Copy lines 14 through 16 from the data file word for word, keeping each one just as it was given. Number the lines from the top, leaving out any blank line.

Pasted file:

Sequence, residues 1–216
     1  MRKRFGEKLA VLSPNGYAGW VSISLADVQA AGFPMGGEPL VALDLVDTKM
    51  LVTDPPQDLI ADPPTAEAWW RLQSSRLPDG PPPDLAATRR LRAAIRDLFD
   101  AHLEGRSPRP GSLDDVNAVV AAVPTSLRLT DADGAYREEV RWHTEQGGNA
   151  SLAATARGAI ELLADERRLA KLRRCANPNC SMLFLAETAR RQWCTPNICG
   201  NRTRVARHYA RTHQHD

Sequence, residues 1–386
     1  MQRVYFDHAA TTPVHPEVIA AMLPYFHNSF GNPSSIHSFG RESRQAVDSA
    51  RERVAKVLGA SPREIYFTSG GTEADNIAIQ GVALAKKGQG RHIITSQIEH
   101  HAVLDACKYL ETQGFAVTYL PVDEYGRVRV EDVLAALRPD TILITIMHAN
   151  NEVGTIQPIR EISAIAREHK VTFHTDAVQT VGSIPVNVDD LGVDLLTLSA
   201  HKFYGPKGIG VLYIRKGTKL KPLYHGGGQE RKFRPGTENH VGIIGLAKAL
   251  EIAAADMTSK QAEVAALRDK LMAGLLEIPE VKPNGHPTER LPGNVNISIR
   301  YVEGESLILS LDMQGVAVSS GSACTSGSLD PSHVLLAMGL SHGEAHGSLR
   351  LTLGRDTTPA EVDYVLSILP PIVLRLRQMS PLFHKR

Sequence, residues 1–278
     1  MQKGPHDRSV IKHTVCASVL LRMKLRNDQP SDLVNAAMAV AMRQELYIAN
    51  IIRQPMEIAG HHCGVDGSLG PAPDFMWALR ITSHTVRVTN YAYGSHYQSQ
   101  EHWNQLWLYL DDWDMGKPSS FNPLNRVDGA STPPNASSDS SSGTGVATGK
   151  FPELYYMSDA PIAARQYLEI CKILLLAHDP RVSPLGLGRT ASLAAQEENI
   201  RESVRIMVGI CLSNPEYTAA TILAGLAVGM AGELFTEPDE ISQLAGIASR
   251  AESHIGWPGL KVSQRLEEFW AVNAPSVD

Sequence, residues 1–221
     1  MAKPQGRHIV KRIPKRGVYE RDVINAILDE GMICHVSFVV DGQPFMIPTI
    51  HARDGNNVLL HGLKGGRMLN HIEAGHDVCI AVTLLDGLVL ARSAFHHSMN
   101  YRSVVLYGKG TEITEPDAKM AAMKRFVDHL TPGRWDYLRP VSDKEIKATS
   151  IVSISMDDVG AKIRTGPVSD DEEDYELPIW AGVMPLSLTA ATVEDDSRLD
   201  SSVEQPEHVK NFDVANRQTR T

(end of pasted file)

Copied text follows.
   301  YVEGESLILS LDMQGVAVSS GSACTSGSLD PSHVLLAMGL SHGEAHGSLR
   351  LTLGRDTTPA EVDYVLSILP PIVLRLRQMS PLFHKR

Sequence, residues 1–278